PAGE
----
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Six SAPS crowd-control measures that need to go

South Africa’s public-order policing leaves much to be desired but if nothing else, we aren’t too far off international standards. (See: Ferguson)

The SAPS has been asking for more money to beef up its public-order policing but some of that at least, has been requested for some pretty questionable equipment.

PONTSHO PILANE looks at six crowd control measures we could do without.

1. Teargas
Teargas is probably the most commonly used form of crowd control. The chemical weapon causes irritation to the eyes, nasal cavities, mouth and throat; and, ultimately, breathing difficulty. But that doesn’t stop police from using it on men, women or children. Usually it’s the first line of defence rather than the last, and we could do without it.

2. Water cannons
During the Ferguson protests in August last year, CNN’s international anchor Rosemary Church wondered why the police were using teargas and guns to quell protesters instead of water cannons. She was soon shot down for her ignorance about the real impact of water cannons on people’s bodies. And yet here in South Africa, police have just ordered more water cannons.

3. Rubber bullets
Rubber bullets are frequently used to quell protests in South Africa and are the cause of many death. Andries Tatane was just one of many to die this way. Because what else do you expect to happen when you aim a projectile at someone’s chest from point-blank range? Since 2012, the use of rubber bullets by police has been banned except as a last resort. But how about we just don’t give riot police rubber bullets to begin with?

4. Sound cannons
Sound cannons are the government’s latest genius idea for dealing with service protests. On Thursday, it was reported that the South African Police Service has earmarked R1.9-million for 12 sound cannons. Amnesty International has stated that the use of sound cannons may be a violation of human rights, and police admit that they do not have a plan in place to prevent the noise from harming those who will not be involved in the protests. So, just no.

(Skip to 1:16 to see the sound cannons.)

5. Armoured vehicles
In January 2012, the SANDF was deployed to a protest at Khayelitsha hospital and, for good measure, brought along two armoured vehicles. More recently, the SANDF were deployed in Alexandra in May 2014 to quell post-election violence. Although not much has been said about the militarisation of public-order policing in South Africa, it’s a trend that’s been increasingly criticised in the US.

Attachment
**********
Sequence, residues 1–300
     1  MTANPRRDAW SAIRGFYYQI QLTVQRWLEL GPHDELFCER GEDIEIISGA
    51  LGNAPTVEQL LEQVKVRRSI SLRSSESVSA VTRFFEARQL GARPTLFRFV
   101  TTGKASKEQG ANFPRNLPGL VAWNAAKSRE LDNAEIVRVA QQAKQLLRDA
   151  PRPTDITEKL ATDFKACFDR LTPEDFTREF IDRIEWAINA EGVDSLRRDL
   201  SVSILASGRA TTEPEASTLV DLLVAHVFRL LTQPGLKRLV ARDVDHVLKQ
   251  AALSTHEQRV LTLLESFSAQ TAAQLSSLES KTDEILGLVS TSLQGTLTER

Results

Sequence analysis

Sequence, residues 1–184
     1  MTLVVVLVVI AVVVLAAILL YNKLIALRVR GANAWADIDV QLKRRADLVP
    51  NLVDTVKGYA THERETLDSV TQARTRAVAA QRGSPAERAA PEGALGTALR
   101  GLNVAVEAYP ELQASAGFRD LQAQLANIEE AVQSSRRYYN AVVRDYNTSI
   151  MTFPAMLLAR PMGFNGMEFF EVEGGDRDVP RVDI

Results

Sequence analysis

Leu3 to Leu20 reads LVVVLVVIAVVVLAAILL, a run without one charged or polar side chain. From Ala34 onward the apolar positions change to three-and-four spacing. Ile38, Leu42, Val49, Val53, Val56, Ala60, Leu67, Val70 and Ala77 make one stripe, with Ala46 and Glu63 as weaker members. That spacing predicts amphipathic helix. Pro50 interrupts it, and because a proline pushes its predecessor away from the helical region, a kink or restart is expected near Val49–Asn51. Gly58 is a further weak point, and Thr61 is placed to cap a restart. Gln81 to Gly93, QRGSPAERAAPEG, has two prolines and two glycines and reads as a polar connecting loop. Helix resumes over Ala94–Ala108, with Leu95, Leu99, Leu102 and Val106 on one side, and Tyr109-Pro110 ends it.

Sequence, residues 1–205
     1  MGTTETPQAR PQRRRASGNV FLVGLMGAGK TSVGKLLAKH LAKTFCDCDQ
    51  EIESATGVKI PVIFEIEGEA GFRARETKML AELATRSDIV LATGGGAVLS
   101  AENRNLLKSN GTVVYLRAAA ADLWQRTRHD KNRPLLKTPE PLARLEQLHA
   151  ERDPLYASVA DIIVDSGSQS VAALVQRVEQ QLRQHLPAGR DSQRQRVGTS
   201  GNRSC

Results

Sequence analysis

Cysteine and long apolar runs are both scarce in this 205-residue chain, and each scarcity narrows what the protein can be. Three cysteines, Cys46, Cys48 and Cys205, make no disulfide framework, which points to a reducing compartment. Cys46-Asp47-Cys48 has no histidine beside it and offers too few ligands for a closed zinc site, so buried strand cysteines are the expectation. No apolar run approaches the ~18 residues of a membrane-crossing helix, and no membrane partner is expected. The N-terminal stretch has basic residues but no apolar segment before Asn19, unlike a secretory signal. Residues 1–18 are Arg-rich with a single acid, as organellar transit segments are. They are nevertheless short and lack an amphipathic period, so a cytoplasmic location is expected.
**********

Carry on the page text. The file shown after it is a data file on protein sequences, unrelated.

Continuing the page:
6. Real bullets
This seem obvious but apparently it’s not. The apartheid government believed that the easiest crowd to control was a dead one so we had massacres at Sharpville and Soweto among many others. We may have been fooled into thinking that opening fire on civilians was a thing of the past but 16 August 2012 showed us otherwise. SAPS killed 34 people at Marikana, and left countless others injured. Isn’t it time cops left the bullets at home when policing a protest?

Instead of spending billions of rands on dangerous equipment,perhaps the SAPS should focus on building better relationships with communities, while local government works on delivering services.

Editor’s note: Point 5. originally read “military tanks”, but has been changed to the correct terminology, “armoured vehicles”.  The sentence, “They are called ‘military tanks’ for a reason – they’re to be used by armies in military operations, not police in public-order policing,” has been removed.

Featured image: Police officers with Vektor R5 assault rifles on SAPS parade in Johannesburg,  2010. By ER24, via Flickr.

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